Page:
Sunday, April 19, 2009

HARO Writing Tips PART 3

Continuing to pass on the great writing tips from those who subscribe to HARO, here is the third installment, here are several more contributions.  I’ll see you later, I’m going to apply Feng Shui to my writing space!

“The rules for writing a novel may be a mystery, but the Feng Shui rules for setting up the space where you write are well known.  Create a Writing Space.  Whether it is a separate room or only a corner of the kitchen, designate an area where you write; try to use the space at the same time every day.
Face the Door.  Sit in the power position, diagonally across from the door, so you are in command of your writing. Change Your View.  Hang artwork directly in front of you that shows gently moving water, which symbolizes flow and creativity for your writing projects.  Add Living Things.  Surround yourself with plants and flowers to represent the Wood Element, which encourages growth of your writing skills.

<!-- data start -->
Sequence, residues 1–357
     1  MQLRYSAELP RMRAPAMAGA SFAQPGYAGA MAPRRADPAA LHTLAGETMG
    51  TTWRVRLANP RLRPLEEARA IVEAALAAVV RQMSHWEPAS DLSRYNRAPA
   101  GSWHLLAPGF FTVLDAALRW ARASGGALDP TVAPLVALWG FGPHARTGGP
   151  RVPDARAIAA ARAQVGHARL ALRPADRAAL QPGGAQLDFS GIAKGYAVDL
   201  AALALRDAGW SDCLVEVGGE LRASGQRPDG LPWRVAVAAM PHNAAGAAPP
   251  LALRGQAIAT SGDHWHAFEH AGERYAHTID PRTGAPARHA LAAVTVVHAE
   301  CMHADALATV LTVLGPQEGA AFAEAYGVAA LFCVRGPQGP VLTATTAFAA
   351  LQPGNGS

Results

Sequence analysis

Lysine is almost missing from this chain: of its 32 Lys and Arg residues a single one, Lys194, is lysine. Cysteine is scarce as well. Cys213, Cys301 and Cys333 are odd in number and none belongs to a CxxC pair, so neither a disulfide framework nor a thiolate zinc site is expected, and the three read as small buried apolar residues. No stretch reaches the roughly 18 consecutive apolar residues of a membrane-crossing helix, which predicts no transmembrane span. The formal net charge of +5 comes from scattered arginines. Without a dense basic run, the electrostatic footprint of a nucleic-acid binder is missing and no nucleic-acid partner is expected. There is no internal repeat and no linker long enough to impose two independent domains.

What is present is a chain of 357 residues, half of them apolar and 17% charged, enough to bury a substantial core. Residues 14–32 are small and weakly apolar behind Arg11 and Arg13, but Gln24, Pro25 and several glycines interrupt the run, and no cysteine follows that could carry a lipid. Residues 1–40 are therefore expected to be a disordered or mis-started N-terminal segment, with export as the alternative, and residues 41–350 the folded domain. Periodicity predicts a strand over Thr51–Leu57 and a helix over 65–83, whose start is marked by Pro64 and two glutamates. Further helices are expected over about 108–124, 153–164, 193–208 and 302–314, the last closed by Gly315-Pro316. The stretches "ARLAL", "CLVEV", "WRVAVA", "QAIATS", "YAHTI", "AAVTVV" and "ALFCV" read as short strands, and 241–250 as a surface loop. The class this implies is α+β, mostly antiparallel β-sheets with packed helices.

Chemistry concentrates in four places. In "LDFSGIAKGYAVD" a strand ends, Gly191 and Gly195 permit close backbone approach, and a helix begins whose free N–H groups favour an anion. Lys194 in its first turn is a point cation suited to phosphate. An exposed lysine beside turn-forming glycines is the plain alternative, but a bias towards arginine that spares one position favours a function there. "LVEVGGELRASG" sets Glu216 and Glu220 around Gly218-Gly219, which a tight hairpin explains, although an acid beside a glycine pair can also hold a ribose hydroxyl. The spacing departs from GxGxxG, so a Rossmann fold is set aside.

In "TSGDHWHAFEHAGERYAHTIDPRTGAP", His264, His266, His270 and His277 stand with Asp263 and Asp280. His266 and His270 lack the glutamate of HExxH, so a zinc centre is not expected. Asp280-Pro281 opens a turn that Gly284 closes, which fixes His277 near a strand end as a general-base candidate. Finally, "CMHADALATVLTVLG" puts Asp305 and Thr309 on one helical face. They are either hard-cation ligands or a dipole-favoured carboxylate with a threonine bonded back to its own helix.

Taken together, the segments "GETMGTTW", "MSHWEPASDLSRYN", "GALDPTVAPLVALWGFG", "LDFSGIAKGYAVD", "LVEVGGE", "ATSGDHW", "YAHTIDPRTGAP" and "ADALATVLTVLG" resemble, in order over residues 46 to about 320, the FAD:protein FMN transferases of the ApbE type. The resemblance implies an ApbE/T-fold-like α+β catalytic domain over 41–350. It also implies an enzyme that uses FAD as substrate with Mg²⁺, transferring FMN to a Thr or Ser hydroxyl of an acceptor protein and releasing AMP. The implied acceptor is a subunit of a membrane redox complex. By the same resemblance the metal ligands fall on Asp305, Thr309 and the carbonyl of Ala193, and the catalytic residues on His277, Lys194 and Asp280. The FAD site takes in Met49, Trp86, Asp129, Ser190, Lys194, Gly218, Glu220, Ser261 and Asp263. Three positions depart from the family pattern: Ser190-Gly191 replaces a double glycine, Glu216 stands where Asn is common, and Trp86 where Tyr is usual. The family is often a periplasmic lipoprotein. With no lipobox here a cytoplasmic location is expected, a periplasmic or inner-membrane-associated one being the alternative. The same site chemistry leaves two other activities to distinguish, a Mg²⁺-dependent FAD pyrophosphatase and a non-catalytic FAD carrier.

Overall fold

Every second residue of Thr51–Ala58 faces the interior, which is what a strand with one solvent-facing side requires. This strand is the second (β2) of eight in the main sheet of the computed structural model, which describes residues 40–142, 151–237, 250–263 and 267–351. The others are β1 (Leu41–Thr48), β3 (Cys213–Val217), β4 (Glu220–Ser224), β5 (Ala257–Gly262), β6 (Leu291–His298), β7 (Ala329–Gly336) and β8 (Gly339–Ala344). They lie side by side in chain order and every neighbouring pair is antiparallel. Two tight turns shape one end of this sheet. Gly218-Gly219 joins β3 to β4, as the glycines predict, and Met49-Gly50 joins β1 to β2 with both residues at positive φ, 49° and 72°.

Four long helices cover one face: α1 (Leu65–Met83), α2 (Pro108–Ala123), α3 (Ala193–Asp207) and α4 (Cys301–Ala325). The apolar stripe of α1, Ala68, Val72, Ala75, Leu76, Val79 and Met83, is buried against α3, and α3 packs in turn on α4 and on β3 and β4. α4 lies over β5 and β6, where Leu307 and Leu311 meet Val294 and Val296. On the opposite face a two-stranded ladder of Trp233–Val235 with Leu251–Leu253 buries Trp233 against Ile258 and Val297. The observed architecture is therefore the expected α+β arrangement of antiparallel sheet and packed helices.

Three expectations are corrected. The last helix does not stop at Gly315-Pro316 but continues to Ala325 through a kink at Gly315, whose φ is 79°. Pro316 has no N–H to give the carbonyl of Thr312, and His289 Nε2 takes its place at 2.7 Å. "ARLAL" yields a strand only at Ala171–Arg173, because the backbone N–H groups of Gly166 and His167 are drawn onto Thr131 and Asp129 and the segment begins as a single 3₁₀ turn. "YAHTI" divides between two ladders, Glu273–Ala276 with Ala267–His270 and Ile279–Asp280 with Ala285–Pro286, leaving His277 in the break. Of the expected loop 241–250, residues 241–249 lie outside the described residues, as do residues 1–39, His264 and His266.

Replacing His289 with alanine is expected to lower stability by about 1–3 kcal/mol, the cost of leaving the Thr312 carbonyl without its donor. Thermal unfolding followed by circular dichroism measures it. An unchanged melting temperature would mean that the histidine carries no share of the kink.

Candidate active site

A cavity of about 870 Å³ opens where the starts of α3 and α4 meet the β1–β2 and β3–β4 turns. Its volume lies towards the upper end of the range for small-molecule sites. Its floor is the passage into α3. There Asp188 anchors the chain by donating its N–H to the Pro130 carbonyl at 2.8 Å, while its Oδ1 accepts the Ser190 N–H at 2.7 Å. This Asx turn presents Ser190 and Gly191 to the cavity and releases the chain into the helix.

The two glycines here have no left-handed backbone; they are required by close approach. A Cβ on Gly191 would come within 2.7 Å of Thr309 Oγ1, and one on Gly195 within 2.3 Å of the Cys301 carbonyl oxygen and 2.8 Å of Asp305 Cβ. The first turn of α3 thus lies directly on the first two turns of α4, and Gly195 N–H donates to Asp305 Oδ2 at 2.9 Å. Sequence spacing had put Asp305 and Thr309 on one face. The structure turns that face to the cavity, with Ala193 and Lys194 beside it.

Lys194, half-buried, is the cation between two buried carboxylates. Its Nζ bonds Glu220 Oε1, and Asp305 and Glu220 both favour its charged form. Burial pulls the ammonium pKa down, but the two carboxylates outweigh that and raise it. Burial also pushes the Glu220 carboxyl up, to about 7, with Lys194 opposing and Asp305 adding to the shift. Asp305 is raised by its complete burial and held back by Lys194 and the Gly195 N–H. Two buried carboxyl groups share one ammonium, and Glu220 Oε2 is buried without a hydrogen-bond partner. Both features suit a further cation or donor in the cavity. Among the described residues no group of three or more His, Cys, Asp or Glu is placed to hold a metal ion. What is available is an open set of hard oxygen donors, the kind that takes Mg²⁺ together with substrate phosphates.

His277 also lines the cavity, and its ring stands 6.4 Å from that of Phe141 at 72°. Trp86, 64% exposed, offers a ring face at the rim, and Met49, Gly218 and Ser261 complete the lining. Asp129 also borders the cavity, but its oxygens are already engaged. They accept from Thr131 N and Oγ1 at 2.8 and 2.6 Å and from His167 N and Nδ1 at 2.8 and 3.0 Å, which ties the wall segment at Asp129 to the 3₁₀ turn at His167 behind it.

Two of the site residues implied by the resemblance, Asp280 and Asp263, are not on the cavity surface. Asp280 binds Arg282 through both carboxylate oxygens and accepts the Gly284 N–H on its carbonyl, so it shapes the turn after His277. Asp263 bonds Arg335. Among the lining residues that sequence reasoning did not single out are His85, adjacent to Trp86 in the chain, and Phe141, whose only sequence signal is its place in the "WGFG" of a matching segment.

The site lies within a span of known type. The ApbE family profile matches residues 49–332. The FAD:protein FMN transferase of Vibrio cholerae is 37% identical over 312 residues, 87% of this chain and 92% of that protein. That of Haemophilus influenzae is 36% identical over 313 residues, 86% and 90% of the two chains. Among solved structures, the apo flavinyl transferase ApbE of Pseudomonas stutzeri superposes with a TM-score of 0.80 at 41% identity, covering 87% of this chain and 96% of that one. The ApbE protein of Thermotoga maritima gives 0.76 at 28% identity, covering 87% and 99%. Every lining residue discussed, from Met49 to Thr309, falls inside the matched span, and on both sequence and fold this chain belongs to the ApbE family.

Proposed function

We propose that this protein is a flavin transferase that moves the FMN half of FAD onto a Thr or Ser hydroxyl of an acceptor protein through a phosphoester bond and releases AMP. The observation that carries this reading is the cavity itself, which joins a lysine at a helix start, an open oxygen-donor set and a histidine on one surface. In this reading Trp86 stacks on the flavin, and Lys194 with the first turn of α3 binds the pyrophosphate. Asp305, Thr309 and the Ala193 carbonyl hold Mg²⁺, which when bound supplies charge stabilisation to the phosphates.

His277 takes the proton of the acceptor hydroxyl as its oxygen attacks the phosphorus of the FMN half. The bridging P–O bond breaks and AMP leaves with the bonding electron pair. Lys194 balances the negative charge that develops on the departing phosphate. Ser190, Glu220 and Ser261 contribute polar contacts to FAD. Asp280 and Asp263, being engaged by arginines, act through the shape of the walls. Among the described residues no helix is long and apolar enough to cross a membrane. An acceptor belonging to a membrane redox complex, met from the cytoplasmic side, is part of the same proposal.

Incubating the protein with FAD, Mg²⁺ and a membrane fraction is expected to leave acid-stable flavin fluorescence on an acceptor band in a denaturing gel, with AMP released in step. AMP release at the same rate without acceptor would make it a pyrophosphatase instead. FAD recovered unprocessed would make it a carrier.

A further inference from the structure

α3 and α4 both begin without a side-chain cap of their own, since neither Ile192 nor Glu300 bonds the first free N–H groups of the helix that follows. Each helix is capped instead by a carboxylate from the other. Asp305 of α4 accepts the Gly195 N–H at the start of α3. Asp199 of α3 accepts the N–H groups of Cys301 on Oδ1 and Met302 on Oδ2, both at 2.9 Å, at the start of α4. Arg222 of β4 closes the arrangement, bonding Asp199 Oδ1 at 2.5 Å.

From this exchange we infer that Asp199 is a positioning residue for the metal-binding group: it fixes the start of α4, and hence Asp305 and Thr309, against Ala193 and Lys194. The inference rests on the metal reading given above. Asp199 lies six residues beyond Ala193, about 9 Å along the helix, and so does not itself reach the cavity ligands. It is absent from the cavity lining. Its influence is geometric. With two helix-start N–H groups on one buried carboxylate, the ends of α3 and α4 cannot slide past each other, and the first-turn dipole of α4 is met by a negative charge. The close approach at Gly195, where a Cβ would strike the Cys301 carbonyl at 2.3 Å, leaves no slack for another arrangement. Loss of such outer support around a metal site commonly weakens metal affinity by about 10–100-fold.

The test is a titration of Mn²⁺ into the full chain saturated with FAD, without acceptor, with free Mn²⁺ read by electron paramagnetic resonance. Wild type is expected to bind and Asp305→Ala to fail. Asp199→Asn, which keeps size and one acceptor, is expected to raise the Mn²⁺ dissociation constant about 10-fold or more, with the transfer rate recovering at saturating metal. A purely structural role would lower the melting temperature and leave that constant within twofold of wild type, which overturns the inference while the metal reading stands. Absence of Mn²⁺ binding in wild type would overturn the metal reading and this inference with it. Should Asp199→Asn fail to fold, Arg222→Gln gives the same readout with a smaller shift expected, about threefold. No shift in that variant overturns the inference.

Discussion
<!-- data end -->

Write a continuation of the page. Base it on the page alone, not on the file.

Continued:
Enhance Your Fame.  Display copies of your published works, complimentary letters, and awards you have won in the Fame/Future area of your writing space to encourage you to move forward.
Call on Mentors.  Place copies of books or articles from writers you admire in your Helpful People area to act as mentors for your writing projects.”  From Carol M. Olmstead, FSII
"Never be afraid to let your story take its own form and find its own direction. Most writers who give up do so because they are trying to force their preconceived ideas onto the page."  From Ian Coburn  Author of "God is a Woman: Dating Disasters"

“While going over the final draft, read the entire thing out loud. (Yes, even for a book.) You’ll be amazed what you find that doesn’t work.”   From Doreen Orion, author, QUEEN OF THE ROAD.

“First, write with passion. Readers will be passionate about your work when your writing shines with passion. Second, write with conviction. Readers will be convinced when your writing is convincing. If you do not sound firm or sure of yourself, how could you convincingly convey your intended messages?  Your piece lacks firmness when it includes "honestly," "to be honest with you," or "to tell you the truth." If you use any of those in one sentence, does that mean the rest of your writing is not as honest?   So always write from your heart for a personal, passionate, and convincing read!” From Shirley Cheng, Blind and Physically Disabled Award-Winning Author, Motivational Speaker,

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